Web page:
Global warming remains one of the most dangerous and prevalent issues in regards to our planet and our future as a society. Automobiles are renowned for being one of the worst culprits of emitting harmful emissions into our vulnerable atmosphere. The greenhouse gases, including carbon dioxide, that are emitted as a result of fuel consumption have devastating effects on the environment. Carbon dioxide remains in the atmosphere longer than other gases, so cars have a more harmful impact on climate change in the long term. But, what are the worst and cleanest ways to travel? Have you ever wondered how your carbon footprint grows depending on the journeys you make? Indigo Parking reveals all.
The Most Carbon Efficient Ways to Travel compares the most harmful modes of transport that have the most extreme effect on our environment alongside the more friendliest forms of transport, by measuring how much Carbon Dioxide (C02) is released into the atmosphere per person, per kilometre (km) of travel.
The most harmful ways to travel
Cars shouldn’t receive all the bad stigma when it comes to fuel consumption and harmful emissions; nearly all modes of transport have a detrimental effect on the environment.
The piece reveals that a large RoPax Ferry is the worst and the most damaging way to travel. These roll-on-roll-off ferries have been designed to provide maximum efficiency and seamless transfer in loading cargo and passengers across waters, but these journeys have an alarming impact on the environment. A whopping 387.4g of C02 is belched out by the huge ferries per km, per person. The emissions are so high that a large RoPax Ferry has more harmful emissions than a first class long haul flight, which emits 322.3g of C02 per km, per passenger.
The 5 most harmful ways to travel:
Large RoPax Ferry- 387.4g C02 per km.
Long Haul Flight (First Class)- 322.3g C02 per km.
Large Petrol Car- 299.1g C02 per km
Large Diesel Van- 270.1g C02 per km.
Large LPG car- 269.8g C02 per km.
The cleanest ways to travel
According to their research, Indigo Parking reveals that manpower is the greenest way to get from A to B. A trusty bicycle has no emissions at all (0g C02 per person, per km).
It may come as a surprise that an Electric car (with solar panels) also has 0g of harmful C02 emissions. Will all electric cars soon have solar roofs? According to Toyota and Tesla, the future for transport is solar powered. Earlier this year, Panasonic announced an advanced solar panel system that will debut on the Toyota Prius plug-in hybrid in Japan, a.k.a the Prius Prime. As solar panels and electric vehicles get cheaper and more efficient, the potential of solar roofs across other forms of transport is likely to grow.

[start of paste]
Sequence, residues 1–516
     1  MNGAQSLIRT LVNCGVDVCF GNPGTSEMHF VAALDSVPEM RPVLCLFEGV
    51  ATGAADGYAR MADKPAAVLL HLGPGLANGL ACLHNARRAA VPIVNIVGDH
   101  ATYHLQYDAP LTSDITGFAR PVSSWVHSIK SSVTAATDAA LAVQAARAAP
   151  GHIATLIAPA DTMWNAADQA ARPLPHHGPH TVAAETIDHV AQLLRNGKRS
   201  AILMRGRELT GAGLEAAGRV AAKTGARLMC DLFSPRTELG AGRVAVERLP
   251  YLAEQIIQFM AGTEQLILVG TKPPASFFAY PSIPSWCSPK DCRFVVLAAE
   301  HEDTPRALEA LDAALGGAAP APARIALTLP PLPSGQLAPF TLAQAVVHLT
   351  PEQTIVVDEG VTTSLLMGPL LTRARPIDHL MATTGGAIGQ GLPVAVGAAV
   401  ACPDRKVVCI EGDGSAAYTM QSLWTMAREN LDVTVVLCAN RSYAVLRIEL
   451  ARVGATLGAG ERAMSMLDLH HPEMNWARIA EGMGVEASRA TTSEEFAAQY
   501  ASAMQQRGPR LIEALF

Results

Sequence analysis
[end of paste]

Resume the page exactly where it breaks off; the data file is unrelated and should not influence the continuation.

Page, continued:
The 5 cleanest ways to travel:
Bicycle- 0g C02 per km.
Electric Car (with solar panels)- 0g C02 per km.
Electric Car- 12g C02 per km.
International Rail (Eurostar)- 15.1g C02 per km.
Ferry (foot passenger)- 19.3g C02 per km.
Green travellers should opt to share the same vehicle, with the most promising forms of transport being public. The cleaner choices for the daily grind include a local London bus, with an average occupancy of 16.6, which emits 86.3g C02 per km. Other buses who work on local routes have C02 emissions per km of 185.9g and an average passenger count of 6.3.
Trains also take top spots in the stakes for the most carbon-efficient ways to travel. Manchester Metro Link (39.7g C02 per km per passenger), London Overground (51.3g C02 per km per passenger), National Rail (56.5g C02 per km per passenger) and Midlands Metro (71g C02 per km per passenger) are all cleaner modes of transport than automobiles.
The biggest shockers
One of the most shocking statistics that the Indigo Parking’s piece reveals is that travelling a km on short haul flight in economy class, or a km on a car passenger ferry, is still better for the environment than travelling the same distance in a small petrol car. A small petrol car emits 171.1g of carbon dioxide into the atmosphere, whilst a short haul flight emits 91.4g C02 (per km, per person) and a car passenger ferry emits 133.2g of C02.
Why is your carbon footprint important?
The term ‘footprint’ refers to the impact we are each having on the Earth, including our input of greenhouse gases, specifically C02, into the atmosphere. Personal footprints can be measured to determine our own levels, and to highlight how we can control and strive to reduce our carbon output.